There’ve been times where I’ve been on top of the world, and times where I’ve wanted to quit it all. The main thing I try to remember is that everyone feels this – there are highs and lows in every walk of life. However, when I think about the future, it always involves travel and inspiring people to pursue their dreams.
What’s been your proudest moment?
When someone tells me I’ve inspired them to follow their own passion – that’s what makes it real to me. YouTube and other social media are temporary and it could all change at any moment, but knowing that I’ve made a positive
impact on someone’s life and given them the push to chase their own dreams, that’s real.
What advice would give to those looking to make a career from their passions?
The main thing holding people back is usually themselves. You might be telling yourself that now isn’t the right time or how, if you had a bit more money it would all be possible, or how there are other people doing it already. The truth is, there’s never a good time. There’s never enough money. And, why aren’t you better than anyone else? Believe in yourself and start doing it now. The hardest part is just starting, you can figure out the rest along the way.
Cat: from creatively stifled to taking a creative leap
Cat Byrne had hobbies but, stuck in nine-to-five jobs, she never felt creatively fulfilled. In 2014 she started her design business, Gatto. Four years later, she’s doing it full-time, making a living from something she really loves
What encouraged you to make a career change?
After a year running the business part-time, I had the opportunity to take redundancy and jumped at it. I was desperate to spend all my time creating beautiful designs and doing what I loved. Honestly, it’s the best decision that’s ever been taken out of my hands. I’m not sure if I’d have been brave enough to take the leap myself!
You work for yourself now. How tough is it?
It’s really tough in a way that’s difficult to explain. Obviously, I love my job, but I really struggle with work/life balance and switching off. There’s always an email that needs a reply or an issue that needs your attention. It’s very difficult to forget about it and just relax!
Motivation is also incredibly important, but mine lies in my passion for my work. Although self-employment can be tough, it’s a pleasure to do what I love every day and to have a business which sustains and supports the life I want to live.
Have you ever regretted the decision?
Last year, I really doubted myself. I completely changed my services and prices so I could work with the clients I love to work with. I went through a quiet period where I had to really push my marketing efforts and rebuild my business.
Luckily, I was working with a creative coach who helped me along the way – it was the best thing I could have done. Through times of doubt and regret, it’s important to remember the amazing work you’ve done and push yourself to get back to a good place.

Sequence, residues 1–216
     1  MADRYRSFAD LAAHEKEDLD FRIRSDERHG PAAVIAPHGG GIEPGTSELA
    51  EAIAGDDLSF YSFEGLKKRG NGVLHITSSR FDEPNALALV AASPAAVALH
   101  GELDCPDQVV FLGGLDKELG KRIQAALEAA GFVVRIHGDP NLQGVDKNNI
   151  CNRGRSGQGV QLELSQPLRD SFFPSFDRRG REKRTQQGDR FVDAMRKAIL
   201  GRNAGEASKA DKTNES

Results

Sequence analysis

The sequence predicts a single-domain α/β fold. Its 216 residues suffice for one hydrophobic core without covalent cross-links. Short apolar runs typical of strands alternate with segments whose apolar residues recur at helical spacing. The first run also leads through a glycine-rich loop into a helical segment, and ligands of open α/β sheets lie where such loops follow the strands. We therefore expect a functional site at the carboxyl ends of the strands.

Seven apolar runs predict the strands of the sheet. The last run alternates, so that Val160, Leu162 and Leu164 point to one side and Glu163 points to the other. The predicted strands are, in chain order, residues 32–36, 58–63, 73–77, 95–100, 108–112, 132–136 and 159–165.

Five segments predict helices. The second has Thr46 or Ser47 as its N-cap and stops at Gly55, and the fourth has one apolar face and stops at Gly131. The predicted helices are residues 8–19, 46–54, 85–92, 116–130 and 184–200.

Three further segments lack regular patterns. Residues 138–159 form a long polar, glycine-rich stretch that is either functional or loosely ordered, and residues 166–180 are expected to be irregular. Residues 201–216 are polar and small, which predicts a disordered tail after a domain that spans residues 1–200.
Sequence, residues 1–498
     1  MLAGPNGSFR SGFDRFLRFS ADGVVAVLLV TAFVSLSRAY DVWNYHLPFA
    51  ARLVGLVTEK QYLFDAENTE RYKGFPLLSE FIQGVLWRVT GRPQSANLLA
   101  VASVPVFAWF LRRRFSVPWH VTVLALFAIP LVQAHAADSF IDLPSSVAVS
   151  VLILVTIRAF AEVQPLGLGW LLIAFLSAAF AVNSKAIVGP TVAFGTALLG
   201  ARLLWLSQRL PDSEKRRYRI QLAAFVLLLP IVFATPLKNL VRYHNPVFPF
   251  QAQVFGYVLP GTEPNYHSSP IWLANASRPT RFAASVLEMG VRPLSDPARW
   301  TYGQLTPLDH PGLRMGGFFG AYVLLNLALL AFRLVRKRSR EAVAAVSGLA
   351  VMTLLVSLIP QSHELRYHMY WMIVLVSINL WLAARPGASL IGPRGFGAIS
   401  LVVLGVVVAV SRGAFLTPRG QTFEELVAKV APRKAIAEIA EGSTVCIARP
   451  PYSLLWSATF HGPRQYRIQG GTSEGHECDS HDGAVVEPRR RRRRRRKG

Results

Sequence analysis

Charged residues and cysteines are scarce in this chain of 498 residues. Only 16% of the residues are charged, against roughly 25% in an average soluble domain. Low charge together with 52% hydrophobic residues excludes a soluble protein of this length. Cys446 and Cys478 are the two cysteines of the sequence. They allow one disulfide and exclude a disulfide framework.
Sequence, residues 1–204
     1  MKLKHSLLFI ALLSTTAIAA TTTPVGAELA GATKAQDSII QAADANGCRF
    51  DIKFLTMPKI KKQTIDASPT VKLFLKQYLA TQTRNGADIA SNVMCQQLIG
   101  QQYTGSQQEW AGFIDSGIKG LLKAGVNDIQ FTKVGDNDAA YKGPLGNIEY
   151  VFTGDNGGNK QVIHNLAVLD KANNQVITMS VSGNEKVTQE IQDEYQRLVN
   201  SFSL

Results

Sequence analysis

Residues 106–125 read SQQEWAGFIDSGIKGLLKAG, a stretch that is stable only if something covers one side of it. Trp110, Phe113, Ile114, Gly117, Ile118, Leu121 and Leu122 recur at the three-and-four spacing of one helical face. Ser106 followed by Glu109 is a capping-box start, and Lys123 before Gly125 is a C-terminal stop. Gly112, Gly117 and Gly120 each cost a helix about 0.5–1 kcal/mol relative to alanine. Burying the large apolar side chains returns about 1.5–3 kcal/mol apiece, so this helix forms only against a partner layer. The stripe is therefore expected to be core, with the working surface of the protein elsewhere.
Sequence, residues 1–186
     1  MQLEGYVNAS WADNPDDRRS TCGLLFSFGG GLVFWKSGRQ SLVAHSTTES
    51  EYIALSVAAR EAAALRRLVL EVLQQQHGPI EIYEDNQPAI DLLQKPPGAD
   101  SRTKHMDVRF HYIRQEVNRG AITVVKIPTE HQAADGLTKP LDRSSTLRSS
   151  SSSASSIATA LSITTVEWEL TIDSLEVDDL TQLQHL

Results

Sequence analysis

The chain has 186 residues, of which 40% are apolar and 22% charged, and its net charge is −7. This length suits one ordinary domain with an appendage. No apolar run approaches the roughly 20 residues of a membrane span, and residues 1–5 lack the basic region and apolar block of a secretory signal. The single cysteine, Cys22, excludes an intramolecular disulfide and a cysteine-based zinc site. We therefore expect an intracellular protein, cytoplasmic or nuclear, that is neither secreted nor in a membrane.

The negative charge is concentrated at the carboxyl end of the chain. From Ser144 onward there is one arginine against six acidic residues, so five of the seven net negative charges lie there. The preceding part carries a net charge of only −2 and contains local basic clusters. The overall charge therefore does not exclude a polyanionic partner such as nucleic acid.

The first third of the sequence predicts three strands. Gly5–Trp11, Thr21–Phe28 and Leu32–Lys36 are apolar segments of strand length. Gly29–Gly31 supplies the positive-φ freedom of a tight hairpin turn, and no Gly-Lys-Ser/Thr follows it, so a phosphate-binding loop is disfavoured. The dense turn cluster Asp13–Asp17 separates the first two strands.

What’s been your biggest learning curve?
I’ve learnt to value my own work and have the confidence to reflect that through my services and prices. Many creatives are belittled about charging for their work but, if you’re confident in your own abilities, you can ignore other people and create a sustainable business.
What’s next for you?
Now I’m at a good place with my work, I want to focus on creating more balance in my life. It’s easy to get swept up in the hustle culture, but I’m done working 12-hour days! I’m going to reduce my workload and make more time for personal projects and relaxing.
What’s the best advice you’ve ever been given?
If running your business doesn’t create the life you want, it’s not worth it. If running your business makes you just as miserable as having a normal job, something has to change.
Create the hours you want to work, create the business you want to run, create a life you want to live. Running a business is about having as much control and freedom as possible – you deserve everything you want from life!
How to pursue your own version of happiness
As happiness is subjective, it’s up to you to find out what it is that makes you happy. Whether that’s securing a dream job, finding faith, or picking up a hobby, the choice is yours.
The most important thing is to be honest with yourself. Wherever you are on the happiness spectrum – whether you feel down, OK or wonderful – could you be happier? If the answer is yes, what changes can you make?
The truth is, you can still bring more enjoyment into your life, even if you can’t (or don’t want) to have a complete life change. To help you, here are my tips for pursuing happiness:
Identify what happiness means to you - What do you really want from life? Prioritise what’s most important to you.
If you’re not drawn to anything in particular, look back at your childhood. Ask yourself: “What was I passionate about?” You might still have that passion – it’s just lain dormant for a while.
Establish your attitude towards your career - Instead of focusing on making work not feel like “work”, figure out what you actually want from your career. More time to spend with family? To feel fulfilled in your work? Or is there an argument for working harder, to get more out of it?
Change can be as big or small as you want - Once you’ve identified your happiness trigger, you can make changes to increase the time you devote to this.
The pursuit of happiness might not be straightforward but, if you’re determined enough, you will find it.
Start with something small. If you want to travel more, research trips and plan ideal routes. Having done background research, you’ll have more courage to dive in.
Push yourself to take risks - If you’re deliberating over a decision that feels risky, be it quitting your job, moving abroad, or booking a trip you’ve always dreamed of, ask yourself: what makes it risky?
Symptoms of anxiety and excitement are strikingly similar. So, if you catch yourself feeling anxious, try reframing how you look at the situation. Tell yourself it’s an exciting opportunity – not one to be worried about.
Commit to your goals - Doing what you love only takes you so far. It’s integrity and commitment that will take you further. So, tell the people around you. Not only does this hold you accountable, but you open yourself up to extra support.
Find a coach - If you want to make changes to your health and fitness, it’s common to hire a personal trainer. If you want to make changes to the rest of your life, then hiring a coach to advise and motivate you could be just what you need!
Stay positive - Trying to be perfect and always make the right decision is very draining (and probably impossible). Instead, focus on finding the positives in every situation. Positivity and enthusiasm are contagious so, the more you embody these characteristics, the more you encourage others to do the same.
The pursuit of happiness might not be straightforward but, if you’re determined enough, you will find it. So, if there’s one thing I hope you take away, it’s this: make a commitment to yourself and to your own happiness. Allowing yourself to be happy and to do things that make you happy is the best decision you’ll ever make.